Moreover, there were also sings of those long-awaited summer days on the runway. Belafigura, introduced as "thoughtful swimwear" showed something relevant amid all these designers that had no sense of direction. A trio of girls comes out; two of them wearing one-pieced suit with ruffles cascading down the edges in purple and black, the other wearing a similar version in white, there were also hooded jersey tops worn with cheetah print skirts. It seemed like the brand wanted to explore a thing with ruffles, evident by this side-ruched one-pieced with ruffles protruding on the front. This whole swimsuit minicollection felt so out of place when the pavement outside was flooded with piles of snow, but it was refreshing enough to get a glimpse of summer even if it was for 3 minutes.

Ibhana Creations seemed to be evoking women who prefer reservation rather than sophistication. Right from the start, the clothes looked heavy and outdated. The collection was composed primarily of long sleeved print dresses done in silk with leaves motifs. The shades of earth-tone present on every dress did not add any sensibility nor positivism to the clothes, these type of garbs are definitely targeted to a women who is not under 25.

Nido, in the other hand, had a hipper younger audience in mind. I have never heard this brand, but it sounded like some underground rock band, and that seemed to be the underlying theme behind this brand. There were cropped pleather jackets, super tigh shimering pants with side zippers at the hem, embroidery tops and graphics tees with baroque prints, some had an 80's Miami vibe and others showcased Andy Warhol's pop art. The standout piece from this collection was perhaps this black tank dress with a feathered-skirt (see two pictures above), it exuded such sexiness and commerciality that all the girls watching the show letted out a scream suggesting a moment of intense crave.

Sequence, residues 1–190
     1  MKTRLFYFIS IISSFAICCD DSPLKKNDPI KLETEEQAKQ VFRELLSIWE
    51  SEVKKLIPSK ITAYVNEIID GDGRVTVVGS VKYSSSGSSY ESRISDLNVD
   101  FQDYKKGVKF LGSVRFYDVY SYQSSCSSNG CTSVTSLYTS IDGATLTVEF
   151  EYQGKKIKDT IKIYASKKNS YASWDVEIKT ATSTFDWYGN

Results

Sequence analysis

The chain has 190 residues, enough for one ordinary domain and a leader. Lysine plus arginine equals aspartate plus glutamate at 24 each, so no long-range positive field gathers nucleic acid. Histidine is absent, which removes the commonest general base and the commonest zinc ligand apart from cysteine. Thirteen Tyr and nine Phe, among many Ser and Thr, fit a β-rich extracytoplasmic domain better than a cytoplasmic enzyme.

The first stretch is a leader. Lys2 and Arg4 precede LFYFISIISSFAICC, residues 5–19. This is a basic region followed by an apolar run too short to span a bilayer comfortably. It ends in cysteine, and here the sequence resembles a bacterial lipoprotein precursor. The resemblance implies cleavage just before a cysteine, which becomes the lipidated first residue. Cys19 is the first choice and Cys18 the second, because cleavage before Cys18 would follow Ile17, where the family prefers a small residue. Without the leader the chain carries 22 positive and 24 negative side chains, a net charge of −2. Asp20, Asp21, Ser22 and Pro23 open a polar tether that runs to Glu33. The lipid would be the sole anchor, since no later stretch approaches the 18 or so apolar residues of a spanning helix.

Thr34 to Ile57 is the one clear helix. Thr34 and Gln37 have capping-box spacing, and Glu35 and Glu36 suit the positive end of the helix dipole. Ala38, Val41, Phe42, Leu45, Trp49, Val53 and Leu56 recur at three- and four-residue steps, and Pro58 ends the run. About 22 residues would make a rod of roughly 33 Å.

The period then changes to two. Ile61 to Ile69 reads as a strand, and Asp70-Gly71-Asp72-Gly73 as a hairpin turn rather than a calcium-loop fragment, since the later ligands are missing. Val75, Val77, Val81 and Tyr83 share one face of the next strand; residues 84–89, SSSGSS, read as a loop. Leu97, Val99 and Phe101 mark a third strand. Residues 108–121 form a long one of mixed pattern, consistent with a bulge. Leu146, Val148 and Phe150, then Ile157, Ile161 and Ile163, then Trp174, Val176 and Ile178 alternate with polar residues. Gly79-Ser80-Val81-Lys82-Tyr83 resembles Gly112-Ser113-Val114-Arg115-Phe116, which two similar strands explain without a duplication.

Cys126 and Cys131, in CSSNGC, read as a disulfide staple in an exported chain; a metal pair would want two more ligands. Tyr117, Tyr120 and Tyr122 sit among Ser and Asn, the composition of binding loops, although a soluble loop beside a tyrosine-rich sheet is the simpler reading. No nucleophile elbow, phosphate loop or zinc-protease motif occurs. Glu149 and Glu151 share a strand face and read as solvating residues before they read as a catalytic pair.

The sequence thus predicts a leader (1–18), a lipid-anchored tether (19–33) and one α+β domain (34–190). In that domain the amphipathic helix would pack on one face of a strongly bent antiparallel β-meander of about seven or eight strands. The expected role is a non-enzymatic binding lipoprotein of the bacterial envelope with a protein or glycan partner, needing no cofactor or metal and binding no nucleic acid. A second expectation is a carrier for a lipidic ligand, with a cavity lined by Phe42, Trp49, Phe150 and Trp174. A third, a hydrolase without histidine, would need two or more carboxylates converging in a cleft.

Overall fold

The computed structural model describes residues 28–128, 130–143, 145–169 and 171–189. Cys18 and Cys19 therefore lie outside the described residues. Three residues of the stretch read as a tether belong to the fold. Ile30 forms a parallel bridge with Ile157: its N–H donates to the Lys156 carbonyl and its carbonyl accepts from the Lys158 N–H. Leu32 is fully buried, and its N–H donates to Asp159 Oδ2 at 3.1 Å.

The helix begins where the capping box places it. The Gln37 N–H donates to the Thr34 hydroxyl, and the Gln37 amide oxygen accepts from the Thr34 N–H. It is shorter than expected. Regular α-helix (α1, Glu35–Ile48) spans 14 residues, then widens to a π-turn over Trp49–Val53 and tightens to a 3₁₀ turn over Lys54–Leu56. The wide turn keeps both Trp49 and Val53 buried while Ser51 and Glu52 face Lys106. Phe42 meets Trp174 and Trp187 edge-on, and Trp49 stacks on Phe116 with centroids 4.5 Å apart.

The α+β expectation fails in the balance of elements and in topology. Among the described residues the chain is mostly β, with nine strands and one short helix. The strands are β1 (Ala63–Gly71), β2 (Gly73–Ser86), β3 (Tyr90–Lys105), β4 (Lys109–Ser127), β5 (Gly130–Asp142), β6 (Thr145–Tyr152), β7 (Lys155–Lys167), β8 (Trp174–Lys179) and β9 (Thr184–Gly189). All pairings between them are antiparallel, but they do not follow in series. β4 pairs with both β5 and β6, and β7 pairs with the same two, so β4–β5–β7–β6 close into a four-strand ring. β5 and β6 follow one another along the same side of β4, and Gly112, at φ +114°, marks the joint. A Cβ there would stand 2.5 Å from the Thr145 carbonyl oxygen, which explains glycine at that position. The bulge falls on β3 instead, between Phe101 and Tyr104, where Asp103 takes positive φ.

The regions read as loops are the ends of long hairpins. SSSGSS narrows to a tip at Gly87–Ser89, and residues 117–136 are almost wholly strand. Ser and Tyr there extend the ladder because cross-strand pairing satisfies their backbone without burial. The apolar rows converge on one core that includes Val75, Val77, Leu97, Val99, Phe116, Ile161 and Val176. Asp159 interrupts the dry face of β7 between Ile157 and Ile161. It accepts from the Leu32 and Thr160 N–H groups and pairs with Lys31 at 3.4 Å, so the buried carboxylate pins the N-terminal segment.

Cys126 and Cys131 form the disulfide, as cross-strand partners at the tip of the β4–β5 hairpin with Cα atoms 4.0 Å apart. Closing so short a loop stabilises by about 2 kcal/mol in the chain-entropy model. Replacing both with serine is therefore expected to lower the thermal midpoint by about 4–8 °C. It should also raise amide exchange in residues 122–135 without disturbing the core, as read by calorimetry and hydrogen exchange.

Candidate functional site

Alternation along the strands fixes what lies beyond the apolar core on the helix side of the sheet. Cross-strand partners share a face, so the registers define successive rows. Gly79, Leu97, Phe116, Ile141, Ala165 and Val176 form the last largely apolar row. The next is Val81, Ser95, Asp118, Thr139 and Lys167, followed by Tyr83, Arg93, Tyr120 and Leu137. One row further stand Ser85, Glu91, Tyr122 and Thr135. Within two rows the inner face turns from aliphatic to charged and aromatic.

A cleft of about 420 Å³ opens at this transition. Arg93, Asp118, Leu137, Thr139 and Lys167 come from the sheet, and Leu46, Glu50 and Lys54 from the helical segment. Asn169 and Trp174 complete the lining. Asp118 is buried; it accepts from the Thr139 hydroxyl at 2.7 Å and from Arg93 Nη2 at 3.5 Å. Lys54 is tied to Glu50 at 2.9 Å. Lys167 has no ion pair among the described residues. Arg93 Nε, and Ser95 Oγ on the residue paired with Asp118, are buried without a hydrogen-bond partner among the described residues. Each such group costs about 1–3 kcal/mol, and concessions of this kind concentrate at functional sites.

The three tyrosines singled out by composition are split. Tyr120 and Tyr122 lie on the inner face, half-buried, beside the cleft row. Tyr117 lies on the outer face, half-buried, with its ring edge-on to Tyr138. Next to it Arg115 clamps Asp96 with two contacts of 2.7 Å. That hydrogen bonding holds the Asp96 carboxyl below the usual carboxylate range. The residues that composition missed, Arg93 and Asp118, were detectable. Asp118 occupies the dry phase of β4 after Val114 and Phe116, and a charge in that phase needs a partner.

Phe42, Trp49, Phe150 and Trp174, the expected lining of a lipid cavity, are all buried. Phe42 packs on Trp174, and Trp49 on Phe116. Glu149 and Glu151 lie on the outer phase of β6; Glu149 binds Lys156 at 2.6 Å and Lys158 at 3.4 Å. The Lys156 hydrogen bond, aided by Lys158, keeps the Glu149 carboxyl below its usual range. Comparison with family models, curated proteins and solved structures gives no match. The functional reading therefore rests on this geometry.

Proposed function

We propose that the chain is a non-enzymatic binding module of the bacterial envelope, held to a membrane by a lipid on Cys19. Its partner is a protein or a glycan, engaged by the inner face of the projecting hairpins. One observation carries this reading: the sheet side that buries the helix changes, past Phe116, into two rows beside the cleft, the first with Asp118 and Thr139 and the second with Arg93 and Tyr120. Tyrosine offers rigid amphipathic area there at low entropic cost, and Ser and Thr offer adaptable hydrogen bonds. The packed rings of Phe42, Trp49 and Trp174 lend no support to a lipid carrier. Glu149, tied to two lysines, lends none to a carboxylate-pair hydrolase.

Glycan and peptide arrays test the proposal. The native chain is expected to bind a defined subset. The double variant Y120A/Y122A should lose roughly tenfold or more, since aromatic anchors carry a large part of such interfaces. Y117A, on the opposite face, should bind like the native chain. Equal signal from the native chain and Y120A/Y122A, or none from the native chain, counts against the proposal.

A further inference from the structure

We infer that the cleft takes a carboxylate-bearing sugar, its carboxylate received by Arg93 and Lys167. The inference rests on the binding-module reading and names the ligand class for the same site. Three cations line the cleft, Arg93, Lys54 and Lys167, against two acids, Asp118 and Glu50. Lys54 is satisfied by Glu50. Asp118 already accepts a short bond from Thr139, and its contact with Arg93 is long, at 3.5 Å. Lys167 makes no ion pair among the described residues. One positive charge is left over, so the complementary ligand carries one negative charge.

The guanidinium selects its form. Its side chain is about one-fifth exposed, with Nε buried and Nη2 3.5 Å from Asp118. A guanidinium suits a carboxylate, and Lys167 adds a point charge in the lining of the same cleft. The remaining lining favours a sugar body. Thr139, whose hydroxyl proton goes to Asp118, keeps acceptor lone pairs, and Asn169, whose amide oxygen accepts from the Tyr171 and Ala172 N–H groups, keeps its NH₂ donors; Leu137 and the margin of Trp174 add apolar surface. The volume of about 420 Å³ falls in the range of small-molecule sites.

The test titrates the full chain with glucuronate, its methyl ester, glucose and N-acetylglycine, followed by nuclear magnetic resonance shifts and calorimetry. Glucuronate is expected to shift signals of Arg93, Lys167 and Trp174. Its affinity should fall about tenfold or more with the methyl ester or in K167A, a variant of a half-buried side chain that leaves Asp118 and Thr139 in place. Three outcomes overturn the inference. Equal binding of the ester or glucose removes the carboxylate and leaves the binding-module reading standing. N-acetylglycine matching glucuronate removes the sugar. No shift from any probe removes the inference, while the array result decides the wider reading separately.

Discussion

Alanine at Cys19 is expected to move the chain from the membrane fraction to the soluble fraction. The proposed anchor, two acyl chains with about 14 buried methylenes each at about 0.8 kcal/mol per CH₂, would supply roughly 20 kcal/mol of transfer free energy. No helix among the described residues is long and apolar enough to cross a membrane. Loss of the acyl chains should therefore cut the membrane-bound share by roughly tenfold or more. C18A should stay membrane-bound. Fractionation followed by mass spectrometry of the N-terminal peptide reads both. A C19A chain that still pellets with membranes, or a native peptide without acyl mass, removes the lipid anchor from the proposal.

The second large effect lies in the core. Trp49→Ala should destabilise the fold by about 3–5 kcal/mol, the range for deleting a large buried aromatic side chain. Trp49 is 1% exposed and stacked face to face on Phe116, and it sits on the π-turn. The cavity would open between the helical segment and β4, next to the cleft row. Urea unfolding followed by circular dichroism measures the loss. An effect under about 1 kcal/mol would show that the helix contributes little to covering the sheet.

The climax of the night was when Craze Camelon Studio made it's presence felt on the runway. The first girl out setted the tone for the rest of the collection. She comes out seductively swaying, nonchalantly dragging her feet, wearing this linen shredded sack dresses underneath this flesh-colored bodysuit, her haired looked rather messy with a leaf perched at the top. As the show went on, the look became more primitive; one model came out in a cheetah print belted halter top dress with the lower back out, revealing much of her derriere; other in a loosen knitted fish net tops; and one of the last girls looked like as if she gathered up a swath of fabric and wrapped it against her body, exuding an image of cannibalism. The reference back to prehistory seemed like a compelling story, thus giving a great show with a strong sense of direction. It was great to watch a designer putting on a collection with such confidence on her stance, though most of her clothes were not wearable, they told a story and engraved a lasting memory in many of the attendees. 

Around the end of the night I spotted these models backstage ready to step on the runway wearing Nido motorcycle jackets. Soon a naughty image past through my head, but I managed to keep a serious face, though my body temperature started slowly raising up while these guys walked across the runway. The next day for some odd reason, the dude on red asked me why I posted a picture of him on facebook, unbeknown to me he was the guy I saw on the runway, I never realized that was him, we started talking, but that was it, what happens next would be posted in another future post (if ever). And btw if you know the other two, leave me a message or shoot me an e-mail, business purposes only! Find more pictures of the show here.


Anonymous said...

I am impressed. Based on the photos it seem the students delivered. I am all for students to put into practice what they have learnt. it reminds me of my university ....Great stuff.


"How are you prancing around in some indigenous costume and not know what you're representing?"


This was a great post Jimmy. While reading it I felt like I was actually there wit you.

BTW, Once you find the contact info for the guy in the yellow & white motorcycle jacket email it to me....For business purposes (wink) :) :) ..lol

Jimmy De La Cruz said...

LOL Toy you're crazy, when I say for business purposes only, I meant that, but if I ever find out their info I email them to you.